Craft Gunmaking, No compromises, No corners cut, EVER

Friday, January 21, 2022

Not Great News for Fox Owners

 The sole source of N.O.S. (new old stock) parts for A.H. Fox guns is out of business.  This means that any needed repair parts must be made from scratch.  Plan accordingly.

Saturday, January 1, 2022

A Tumbler for an H&H Clone

 Here I'll detail the making of a new tumbler for an Arrieta SLE, a typical Spanish H&H "clone".  I put clone in quotes because, even though it's generally a Holland-pattern gun, there are minor differences.  The most notable of these is that the primary sear and interceptor sear are driven by coil springs, rather than by V and leaf springs, as in a Holland.  

This particular gun suffered from a broken tumbler (hammer) in the right lock.  It failed at the sear notch, with the entire sear end of the tumbler cleanly separating from the rest of the part.  The reason that it failed where it did merits some explanation, so here goes.

Most sidelock designs, H&H included, employ an element known as an anvil in the lockwork.  The purpose of the anvil is to give the tumbler (hammer) something to stop against when it falls.  This is to prevent the battering of the striker end, as well as the frame and striker bore.  It also relieves the lockplate screws of the shear load that would be imposed upon them if the tumbler stopped against the frame.  Since the anvil's purpose is to literally take a beating from the tumbler with every pull of the trigger, you'd think it would have to be a pretty sturdy element.  You'd be correct, and the anvil is in fact forged as an integral part of the lockplate for this very reason.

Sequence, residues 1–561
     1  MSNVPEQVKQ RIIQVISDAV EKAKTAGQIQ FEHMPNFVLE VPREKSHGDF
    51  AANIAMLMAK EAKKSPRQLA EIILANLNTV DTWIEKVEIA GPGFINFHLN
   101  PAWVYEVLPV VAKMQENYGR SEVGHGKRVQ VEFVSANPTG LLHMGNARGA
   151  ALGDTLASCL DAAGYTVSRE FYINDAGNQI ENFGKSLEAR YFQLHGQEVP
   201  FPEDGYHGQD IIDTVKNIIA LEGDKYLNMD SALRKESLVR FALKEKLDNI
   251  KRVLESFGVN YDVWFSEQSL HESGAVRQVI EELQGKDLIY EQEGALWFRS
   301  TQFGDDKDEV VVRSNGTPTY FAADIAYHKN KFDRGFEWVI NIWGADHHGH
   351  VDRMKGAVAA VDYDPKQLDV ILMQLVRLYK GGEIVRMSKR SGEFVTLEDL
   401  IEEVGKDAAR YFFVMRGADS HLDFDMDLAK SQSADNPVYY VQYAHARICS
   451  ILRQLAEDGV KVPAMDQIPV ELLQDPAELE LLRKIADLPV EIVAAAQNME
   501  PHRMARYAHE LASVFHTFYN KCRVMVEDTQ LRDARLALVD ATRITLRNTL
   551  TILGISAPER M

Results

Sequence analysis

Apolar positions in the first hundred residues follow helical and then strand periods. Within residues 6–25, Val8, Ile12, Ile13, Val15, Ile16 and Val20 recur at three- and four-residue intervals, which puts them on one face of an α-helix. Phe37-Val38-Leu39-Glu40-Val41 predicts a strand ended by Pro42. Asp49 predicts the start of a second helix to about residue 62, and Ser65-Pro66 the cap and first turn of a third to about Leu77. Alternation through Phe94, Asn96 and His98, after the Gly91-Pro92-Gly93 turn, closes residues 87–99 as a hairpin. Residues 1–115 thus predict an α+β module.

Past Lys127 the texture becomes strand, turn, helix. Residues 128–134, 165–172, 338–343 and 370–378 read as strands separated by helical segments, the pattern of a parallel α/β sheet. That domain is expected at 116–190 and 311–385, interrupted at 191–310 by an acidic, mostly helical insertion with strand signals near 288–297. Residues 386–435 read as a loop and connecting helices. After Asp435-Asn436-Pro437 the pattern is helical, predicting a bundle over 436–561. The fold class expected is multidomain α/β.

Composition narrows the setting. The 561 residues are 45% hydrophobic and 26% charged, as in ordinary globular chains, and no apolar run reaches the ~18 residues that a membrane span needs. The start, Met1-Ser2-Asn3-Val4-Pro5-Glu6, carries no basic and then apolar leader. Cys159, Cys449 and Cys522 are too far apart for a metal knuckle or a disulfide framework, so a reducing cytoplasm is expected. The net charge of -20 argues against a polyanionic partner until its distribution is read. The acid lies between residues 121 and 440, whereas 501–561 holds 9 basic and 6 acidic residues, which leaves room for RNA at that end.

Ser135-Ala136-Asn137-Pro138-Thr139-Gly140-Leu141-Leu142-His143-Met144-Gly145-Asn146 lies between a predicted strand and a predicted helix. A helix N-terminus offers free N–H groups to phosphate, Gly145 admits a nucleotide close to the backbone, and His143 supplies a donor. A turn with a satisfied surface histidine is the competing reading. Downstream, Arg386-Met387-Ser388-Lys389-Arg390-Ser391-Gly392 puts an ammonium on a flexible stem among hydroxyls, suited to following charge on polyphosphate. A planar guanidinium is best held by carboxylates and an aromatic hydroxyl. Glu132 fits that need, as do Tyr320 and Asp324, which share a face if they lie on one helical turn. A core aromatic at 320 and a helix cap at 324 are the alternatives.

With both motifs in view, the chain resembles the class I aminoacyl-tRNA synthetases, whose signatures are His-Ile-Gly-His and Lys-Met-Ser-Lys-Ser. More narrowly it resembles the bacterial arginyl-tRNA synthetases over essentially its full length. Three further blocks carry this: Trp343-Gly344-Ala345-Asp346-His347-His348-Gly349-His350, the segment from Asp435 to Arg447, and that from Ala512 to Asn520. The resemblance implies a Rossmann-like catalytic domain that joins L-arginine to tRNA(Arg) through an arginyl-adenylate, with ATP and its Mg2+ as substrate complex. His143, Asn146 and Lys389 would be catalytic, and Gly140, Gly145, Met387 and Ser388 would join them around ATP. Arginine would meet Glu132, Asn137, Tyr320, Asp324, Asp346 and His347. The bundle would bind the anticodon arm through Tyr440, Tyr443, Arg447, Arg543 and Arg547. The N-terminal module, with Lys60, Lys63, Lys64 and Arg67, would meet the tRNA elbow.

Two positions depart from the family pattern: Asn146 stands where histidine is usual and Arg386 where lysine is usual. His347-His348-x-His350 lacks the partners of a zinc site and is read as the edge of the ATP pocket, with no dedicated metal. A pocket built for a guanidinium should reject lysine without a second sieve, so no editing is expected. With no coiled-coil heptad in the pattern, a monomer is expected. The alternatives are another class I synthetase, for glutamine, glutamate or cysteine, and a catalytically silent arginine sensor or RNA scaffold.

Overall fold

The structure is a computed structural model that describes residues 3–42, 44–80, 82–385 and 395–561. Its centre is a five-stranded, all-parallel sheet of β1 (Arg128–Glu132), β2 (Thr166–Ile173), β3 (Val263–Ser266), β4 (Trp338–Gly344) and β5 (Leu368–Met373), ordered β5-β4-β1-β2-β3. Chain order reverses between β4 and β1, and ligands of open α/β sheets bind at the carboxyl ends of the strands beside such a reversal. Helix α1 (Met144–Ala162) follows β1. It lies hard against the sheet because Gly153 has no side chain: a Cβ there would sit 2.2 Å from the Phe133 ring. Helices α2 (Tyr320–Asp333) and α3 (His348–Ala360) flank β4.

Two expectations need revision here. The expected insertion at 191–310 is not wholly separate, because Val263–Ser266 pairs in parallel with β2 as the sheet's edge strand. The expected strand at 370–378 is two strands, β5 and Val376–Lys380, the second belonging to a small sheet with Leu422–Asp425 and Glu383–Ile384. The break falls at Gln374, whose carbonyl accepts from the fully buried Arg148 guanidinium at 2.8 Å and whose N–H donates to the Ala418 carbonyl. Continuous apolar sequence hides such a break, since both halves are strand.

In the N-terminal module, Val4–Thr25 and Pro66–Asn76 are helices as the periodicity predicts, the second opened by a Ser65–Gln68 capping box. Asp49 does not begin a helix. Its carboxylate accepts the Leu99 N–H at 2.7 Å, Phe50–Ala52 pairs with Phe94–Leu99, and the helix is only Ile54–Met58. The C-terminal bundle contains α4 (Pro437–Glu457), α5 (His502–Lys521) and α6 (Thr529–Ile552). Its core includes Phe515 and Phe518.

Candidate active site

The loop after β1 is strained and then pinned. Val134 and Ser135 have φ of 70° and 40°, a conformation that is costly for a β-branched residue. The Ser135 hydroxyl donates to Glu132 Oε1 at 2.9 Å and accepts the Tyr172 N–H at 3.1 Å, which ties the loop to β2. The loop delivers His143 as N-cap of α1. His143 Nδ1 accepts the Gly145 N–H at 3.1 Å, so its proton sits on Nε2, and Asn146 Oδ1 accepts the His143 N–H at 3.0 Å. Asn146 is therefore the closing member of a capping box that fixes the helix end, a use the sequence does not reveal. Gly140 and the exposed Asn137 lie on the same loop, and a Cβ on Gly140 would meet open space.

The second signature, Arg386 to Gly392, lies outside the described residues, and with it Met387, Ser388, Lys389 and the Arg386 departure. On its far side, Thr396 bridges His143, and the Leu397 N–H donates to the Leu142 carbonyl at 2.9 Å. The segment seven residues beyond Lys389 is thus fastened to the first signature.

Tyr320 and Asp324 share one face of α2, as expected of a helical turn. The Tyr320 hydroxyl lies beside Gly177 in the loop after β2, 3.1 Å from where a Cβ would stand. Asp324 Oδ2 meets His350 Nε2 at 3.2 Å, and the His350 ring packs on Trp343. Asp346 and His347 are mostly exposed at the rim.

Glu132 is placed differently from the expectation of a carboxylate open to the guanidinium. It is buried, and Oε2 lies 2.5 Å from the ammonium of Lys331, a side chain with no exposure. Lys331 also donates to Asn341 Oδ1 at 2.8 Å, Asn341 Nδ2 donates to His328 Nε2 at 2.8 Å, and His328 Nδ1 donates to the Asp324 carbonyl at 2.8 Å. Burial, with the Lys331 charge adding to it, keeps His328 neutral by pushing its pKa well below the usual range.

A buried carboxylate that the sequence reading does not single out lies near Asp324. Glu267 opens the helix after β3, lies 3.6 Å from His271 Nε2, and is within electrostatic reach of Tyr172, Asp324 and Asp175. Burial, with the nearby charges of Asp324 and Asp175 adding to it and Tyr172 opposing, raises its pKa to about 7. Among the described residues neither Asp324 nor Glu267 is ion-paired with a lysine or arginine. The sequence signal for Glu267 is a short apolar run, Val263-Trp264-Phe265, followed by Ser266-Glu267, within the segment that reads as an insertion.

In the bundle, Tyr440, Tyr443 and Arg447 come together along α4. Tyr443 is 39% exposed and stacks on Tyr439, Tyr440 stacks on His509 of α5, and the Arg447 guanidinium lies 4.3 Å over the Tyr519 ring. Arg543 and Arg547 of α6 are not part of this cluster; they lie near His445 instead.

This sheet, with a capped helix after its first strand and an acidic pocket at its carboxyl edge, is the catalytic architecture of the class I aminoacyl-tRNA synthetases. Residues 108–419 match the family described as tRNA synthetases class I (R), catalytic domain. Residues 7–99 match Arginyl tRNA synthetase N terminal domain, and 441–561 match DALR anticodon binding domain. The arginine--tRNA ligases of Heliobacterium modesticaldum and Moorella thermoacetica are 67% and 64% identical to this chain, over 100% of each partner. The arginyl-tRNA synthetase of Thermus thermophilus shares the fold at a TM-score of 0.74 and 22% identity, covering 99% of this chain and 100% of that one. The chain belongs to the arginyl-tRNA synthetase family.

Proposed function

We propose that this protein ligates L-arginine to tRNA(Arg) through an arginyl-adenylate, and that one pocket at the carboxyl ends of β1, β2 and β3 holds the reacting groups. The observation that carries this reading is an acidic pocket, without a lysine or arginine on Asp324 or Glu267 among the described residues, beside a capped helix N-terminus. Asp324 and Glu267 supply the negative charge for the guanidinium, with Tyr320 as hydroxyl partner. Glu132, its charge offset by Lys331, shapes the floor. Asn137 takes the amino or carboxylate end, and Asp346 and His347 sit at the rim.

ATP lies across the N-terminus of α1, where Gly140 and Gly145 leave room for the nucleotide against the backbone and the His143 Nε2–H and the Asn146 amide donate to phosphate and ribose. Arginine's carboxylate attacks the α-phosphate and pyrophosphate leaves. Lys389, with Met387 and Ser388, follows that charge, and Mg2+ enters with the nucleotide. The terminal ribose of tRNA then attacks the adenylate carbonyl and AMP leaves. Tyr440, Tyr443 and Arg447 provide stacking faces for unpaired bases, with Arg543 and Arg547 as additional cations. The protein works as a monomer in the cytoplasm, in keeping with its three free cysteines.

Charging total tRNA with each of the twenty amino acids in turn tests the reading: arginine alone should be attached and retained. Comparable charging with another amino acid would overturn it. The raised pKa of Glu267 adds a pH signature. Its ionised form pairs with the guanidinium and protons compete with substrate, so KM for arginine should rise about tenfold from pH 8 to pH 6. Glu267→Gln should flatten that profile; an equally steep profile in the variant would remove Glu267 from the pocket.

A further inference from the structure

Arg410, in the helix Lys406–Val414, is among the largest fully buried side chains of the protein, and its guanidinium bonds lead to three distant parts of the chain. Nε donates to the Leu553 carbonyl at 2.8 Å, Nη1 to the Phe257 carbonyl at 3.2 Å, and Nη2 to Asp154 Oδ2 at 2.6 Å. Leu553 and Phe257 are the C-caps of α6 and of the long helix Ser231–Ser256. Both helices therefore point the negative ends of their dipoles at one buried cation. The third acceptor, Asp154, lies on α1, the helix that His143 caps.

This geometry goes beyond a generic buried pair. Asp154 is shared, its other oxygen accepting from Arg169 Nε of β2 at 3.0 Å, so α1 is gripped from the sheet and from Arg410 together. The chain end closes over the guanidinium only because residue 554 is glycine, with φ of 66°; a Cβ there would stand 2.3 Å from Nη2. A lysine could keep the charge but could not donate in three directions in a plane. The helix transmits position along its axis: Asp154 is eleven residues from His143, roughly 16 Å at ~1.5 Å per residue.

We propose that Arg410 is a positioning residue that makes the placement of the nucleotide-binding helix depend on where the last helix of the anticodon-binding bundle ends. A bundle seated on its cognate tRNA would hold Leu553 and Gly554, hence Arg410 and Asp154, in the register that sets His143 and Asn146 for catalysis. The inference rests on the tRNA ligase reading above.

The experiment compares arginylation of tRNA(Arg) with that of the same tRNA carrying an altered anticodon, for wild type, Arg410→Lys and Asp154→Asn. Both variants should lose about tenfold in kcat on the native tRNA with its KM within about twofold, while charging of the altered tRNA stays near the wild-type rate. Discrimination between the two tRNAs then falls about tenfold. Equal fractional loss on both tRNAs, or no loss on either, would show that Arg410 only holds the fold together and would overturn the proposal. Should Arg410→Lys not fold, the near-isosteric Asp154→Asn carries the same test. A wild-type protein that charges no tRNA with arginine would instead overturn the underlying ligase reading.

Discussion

The problem in this gun was that the tumbler was making contact elsewhere before landing upon the anvil. That elsewhere was the bridle, more specifically, the tumbler's interceptor sear lug was bottoming against the bridle before its fall was fully arrested by the anvil.  With all of the square edges in that area acting as stress raisers, it's unsurprising that it finally did break.

Now that we know the "why" of the failure, we can get on with the "how" of correcting it.

The new tumbler will be made of O1, as usual, because it's an ideal material for this application.  The cutters for the inboard and outboard "axles" are shop-made.  The broken tumbler was temporarily super-glued back together in order to facilitate taking measurements and making a rough profile template.

With the axle pegs machined, the majority of the balance is done by hand.

With the part made and fit, I heat treated it, then polished and perlaged the interior surfaces as was originally done.